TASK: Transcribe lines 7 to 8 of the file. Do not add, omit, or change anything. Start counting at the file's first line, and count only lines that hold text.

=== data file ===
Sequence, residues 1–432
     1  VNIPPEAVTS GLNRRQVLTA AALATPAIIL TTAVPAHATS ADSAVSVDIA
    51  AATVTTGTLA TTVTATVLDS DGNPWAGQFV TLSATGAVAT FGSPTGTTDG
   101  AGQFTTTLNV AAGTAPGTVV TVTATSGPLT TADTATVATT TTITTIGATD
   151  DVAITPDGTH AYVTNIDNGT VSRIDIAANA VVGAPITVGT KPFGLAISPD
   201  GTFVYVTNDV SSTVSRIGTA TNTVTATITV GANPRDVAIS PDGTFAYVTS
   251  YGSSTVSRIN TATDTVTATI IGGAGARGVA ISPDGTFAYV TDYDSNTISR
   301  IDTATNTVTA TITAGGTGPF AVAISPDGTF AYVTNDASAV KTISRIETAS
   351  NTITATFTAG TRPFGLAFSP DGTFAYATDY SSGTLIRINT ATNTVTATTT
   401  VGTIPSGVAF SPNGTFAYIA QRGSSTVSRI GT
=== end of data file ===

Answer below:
   251  YGSSTVSRIN TATDTVTATI IGGAGARGVA ISPDGTFAYV TDYDSNTISR
   301  IDTATNTVTA TITAGGTGPF AVAISPDGTF AYVTNDASAV KTISRIETAS